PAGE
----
Artist Profiles

Aaron Bowles

Aaron Bowles is a modernist figurative painter whose themes involve relationships, dreams, and mythology. He also paints the dramatically changing qualities of nature in the Chesapeake Bay region. He exhibits nationally and is in numerous institutional and private collections. Aaron holds a bachelors degree from Virginia Commonwealth University where he focused on graphic design and illustration. He continued his art education at the graduate level by studying painting at George Mason University. A former assistant professor of design, Aaron taught art at George Mason and Northern Virginia Community College. Aaron is also a digital creative director and illustrator, whose work has appeared in national publications. Aaron accepts commissions and has a special interest in dreams and personal stories. He lives in Richmond, VA.

Mike Haubenstock

Mike Haubenstock lives in Glen Allen, Virginia where he produces beautiful and soothing oil paintings. Starting with drawing lessons in 2003, he moved on to oils when he desired to learn more about painting. He continues to refine his technique and paints what inspires him almost every day. While fundamentally representational, Mike’s painting uses color and depth to inspire and create continual interest. Inspiration comes from architecture, landscapes, still life and, most importantly, color, which moves the artist as well as the audience. One of his early themes was fruit and vegetables, which complimented his passion for cooking. This evolved into a series of paintings of the raw ingredients of recipes, such as eggplant parmesan and guacamole. This theme continues, and he recently did some some cocktail recipes, such as Bloody Mary or Sangria. Other works include arches (architectural and natural) and the exteriors of Richmond restaurants. He has participated in juried shows in Richmond VA and San Diego.

Deborah Lepièce

I’ve been selling my painting since I was 10 years old when I displayed a painting from a class with a local New Orleans artist. I was the kid who liked the illustrated projects associated with schoolwork. My professional training mostly started at Louisiana State University where I earned a degree in Art Education. Afterwards I graduated from the Fashion Institute of Technology with a degree in Textile Design and began designing and styling textile prints for Stroheim & Romann. These textiles included reproductions for the Winterthur Museum and Stately Homes which were used in the Washington, D.C Blair House. My work is primarily influenced by my childhood in New Orleans, 14 years in New York City, and 4 years in France and by my love of the outdoors. You will frequently find me on my bike when I’m not in my art studio or traveling.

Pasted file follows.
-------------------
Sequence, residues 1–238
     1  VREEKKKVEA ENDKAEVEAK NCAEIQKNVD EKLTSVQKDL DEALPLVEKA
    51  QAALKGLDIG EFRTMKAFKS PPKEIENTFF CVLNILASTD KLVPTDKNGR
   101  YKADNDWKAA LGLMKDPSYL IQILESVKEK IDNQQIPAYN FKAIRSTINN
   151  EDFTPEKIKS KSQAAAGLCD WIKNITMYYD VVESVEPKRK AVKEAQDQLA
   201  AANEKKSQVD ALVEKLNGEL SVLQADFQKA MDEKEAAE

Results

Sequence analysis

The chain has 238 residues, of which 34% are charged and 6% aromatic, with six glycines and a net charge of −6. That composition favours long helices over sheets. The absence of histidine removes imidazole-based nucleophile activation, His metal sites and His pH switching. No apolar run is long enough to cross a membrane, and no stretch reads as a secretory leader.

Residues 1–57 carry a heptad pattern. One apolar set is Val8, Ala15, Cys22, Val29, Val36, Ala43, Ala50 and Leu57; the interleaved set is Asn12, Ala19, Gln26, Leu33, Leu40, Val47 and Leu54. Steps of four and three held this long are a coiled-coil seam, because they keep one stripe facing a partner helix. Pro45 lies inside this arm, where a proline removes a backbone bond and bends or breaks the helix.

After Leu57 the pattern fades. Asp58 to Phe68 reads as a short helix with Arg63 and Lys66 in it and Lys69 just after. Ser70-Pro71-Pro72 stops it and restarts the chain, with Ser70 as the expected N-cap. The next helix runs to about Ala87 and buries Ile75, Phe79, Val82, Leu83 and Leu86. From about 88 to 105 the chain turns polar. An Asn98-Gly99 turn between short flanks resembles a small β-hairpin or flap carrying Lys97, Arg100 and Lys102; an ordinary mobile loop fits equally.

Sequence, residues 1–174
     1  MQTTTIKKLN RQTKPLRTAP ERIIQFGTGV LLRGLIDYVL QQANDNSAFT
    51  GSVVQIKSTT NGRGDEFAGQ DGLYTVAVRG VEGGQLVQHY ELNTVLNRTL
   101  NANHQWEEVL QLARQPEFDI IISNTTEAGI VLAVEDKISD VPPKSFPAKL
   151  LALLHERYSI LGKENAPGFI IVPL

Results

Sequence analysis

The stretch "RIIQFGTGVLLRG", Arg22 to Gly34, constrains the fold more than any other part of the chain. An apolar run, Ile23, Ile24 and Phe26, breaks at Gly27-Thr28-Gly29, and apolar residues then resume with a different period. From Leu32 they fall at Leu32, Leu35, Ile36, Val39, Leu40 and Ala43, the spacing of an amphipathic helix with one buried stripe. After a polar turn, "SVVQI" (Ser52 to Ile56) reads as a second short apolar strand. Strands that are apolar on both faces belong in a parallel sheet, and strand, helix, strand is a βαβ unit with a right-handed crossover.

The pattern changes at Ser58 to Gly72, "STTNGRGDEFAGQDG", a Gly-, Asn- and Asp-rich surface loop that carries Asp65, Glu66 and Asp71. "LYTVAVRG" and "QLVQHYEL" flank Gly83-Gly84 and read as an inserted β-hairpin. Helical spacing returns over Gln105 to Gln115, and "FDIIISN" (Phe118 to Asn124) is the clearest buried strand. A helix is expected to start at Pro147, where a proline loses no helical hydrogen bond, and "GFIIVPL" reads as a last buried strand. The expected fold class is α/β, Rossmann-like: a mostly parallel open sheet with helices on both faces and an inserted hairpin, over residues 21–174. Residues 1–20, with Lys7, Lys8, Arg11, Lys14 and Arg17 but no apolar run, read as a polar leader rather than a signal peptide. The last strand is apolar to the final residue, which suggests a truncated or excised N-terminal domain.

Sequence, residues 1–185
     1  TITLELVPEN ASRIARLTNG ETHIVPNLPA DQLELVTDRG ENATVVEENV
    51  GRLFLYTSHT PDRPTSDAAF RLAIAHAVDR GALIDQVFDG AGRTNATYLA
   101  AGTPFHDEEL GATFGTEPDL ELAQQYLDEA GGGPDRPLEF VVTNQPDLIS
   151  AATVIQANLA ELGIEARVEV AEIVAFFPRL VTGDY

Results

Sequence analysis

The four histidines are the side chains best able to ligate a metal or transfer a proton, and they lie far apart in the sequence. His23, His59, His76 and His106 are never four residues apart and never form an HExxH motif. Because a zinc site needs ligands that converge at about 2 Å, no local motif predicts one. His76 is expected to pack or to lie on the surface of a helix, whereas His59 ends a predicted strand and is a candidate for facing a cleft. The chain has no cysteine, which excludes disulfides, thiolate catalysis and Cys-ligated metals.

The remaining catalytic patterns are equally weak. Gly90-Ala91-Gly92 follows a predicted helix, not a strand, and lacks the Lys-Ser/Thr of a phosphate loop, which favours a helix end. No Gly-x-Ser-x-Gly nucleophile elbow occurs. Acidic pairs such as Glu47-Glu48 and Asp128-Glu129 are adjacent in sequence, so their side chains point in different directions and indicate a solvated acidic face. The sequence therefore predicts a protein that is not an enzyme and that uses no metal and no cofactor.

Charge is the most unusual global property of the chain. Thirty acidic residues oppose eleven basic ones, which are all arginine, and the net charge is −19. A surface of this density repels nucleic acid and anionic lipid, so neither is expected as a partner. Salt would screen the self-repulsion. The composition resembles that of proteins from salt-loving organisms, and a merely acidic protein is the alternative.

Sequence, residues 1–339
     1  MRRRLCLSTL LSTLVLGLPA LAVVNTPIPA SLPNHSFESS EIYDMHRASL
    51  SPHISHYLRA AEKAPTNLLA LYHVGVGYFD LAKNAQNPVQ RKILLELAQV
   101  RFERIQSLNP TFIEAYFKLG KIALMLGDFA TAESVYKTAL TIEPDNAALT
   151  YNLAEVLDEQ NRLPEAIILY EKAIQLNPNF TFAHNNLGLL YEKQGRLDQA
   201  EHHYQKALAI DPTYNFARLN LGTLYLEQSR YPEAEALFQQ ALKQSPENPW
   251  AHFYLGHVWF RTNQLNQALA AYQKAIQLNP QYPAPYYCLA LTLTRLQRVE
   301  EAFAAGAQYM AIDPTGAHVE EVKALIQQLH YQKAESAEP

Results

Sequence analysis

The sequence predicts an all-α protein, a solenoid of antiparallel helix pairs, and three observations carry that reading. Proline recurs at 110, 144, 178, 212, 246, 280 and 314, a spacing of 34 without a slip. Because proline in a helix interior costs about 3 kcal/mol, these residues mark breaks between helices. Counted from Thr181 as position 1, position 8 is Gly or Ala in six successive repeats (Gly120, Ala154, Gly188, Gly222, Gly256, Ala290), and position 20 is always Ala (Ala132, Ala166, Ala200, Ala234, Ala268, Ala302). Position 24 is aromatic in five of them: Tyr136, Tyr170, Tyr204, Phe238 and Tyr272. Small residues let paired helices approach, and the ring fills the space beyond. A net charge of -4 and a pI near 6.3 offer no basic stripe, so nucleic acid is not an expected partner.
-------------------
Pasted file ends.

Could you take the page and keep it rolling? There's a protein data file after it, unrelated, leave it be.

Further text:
Sandra Moran

Originally inspired by the scenery near her upstate New York home, “Sandy” grew up drawing; she was a doodler. After studying at New York’s Fashion Institute of Technology she designed children’s clothing, and pursued art classes at Pratt Institute. After moving to Richmond, she took watercolor classes at the Visual Arts Center for five years and had her first show there in 2008. She enjoys studying the science of watercolor because each color reacts differently with other colors and the papers. Moran specializes in painting landscapes and people. The sources of her inspiration range from photos to old memories. She likes capturing a special moment. Moran attended Nimrod art center in Bath County, and the Maine Frederick Church camp summer arts programs. I’m still developing my skills, she explains.

Douglas Orr Zeigler

Douglas Orr Zeigler was born in Dixon, Illinois and attended The University of Chicago and The Art Institute of Chicago (BFA). He studied drawing, painting and design with several European emigre faculty who emphasized the traditional disciplines. In this rich environment, he developed an approach to an individual vision which is grounded in representation, but also taps expressive, spontaneous impulses—and yields to immediate responses of color, line, form and texture. Zeigler works from his studio in Manakin Sabot, Virginia. He accepts commissions for a wide variety of artwork. Zeigler states that the visual artist has a responsibility to be faithful to his will to create, to go to those places where his vision takes form by means of paint on canvas or pigmented water on paper.  Nature is his starting point, but the subconscious guides his response to what he “knows” or “sees.” His goal as an artist is to enable others to share the beauty and excitement of the creative spirit.